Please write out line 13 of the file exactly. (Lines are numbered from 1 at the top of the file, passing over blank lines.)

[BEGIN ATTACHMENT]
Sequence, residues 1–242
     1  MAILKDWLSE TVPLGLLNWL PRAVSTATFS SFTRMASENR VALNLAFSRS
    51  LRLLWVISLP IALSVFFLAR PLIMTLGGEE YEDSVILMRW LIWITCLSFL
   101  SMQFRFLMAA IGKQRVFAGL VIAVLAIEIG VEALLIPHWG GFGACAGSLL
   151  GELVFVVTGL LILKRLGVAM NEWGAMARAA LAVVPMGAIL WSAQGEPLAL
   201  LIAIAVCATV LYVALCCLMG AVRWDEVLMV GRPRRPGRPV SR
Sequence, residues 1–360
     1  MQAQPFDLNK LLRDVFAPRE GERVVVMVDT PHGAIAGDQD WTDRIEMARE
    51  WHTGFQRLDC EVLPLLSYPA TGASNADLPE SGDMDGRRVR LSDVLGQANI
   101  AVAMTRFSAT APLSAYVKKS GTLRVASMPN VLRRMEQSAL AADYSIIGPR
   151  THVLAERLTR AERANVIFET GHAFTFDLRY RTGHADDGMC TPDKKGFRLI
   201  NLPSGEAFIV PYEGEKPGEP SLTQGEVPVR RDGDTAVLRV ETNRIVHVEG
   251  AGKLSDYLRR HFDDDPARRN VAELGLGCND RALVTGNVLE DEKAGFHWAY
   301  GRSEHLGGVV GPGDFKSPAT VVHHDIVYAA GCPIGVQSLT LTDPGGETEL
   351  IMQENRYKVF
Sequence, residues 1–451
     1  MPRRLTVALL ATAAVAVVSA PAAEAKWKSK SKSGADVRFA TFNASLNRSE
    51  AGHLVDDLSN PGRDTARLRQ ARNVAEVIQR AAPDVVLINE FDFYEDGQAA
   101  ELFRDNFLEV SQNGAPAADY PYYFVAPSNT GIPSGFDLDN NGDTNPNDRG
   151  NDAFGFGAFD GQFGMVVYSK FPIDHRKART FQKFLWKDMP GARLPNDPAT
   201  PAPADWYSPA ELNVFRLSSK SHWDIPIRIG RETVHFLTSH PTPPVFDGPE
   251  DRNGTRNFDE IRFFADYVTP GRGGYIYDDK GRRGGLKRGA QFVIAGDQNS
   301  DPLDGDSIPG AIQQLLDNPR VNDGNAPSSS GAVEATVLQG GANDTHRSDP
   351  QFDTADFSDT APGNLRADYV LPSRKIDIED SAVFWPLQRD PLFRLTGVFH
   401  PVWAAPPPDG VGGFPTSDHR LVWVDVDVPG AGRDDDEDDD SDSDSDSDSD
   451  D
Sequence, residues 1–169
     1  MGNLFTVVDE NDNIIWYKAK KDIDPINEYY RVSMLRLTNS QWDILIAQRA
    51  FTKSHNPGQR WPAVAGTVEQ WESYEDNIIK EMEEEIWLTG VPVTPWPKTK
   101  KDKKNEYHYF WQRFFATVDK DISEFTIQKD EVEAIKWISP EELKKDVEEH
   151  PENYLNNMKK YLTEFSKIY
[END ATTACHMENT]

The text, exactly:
   251  AGKLSDYLRR HFDDDPARRN VAELGLGCND RALVTGNVLE DEKAGFHWAY